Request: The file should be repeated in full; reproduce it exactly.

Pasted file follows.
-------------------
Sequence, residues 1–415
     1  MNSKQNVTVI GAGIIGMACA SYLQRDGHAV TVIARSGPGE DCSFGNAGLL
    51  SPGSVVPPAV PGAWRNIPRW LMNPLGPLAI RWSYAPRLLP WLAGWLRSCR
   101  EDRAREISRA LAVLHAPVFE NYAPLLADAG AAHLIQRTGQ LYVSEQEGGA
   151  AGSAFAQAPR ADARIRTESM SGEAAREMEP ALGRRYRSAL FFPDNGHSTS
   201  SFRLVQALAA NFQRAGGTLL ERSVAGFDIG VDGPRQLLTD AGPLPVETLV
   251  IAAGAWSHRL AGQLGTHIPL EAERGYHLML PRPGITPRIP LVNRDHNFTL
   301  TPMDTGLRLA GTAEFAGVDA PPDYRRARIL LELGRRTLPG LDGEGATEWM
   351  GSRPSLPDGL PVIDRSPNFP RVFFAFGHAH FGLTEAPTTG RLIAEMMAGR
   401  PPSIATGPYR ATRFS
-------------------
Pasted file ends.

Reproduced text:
Sequence, residues 1–415
     1  MNSKQNVTVI GAGIIGMACA SYLQRDGHAV TVIARSGPGE DCSFGNAGLL
    51  SPGSVVPPAV PGAWRNIPRW LMNPLGPLAI RWSYAPRLLP WLAGWLRSCR
   101  EDRAREISRA LAVLHAPVFE NYAPLLADAG AAHLIQRTGQ LYVSEQEGGA
   151  AGSAFAQAPR ADARIRTESM SGEAAREMEP ALGRRYRSAL FFPDNGHSTS
   201  SFRLVQALAA NFQRAGGTLL ERSVAGFDIG VDGPRQLLTD AGPLPVETLV
   251  IAAGAWSHRL AGQLGTHIPL EAERGYHLML PRPGITPRIP LVNRDHNFTL
   301  TPMDTGLRLA GTAEFAGVDA PPDYRRARIL LELGRRTLPG LDGEGATEWM
   351  GSRPSLPDGL PVIDRSPNFP RVFFAFGHAH FGLTEAPTTG RLIAEMMAGR
   401  PPSIATGPYR ATRFS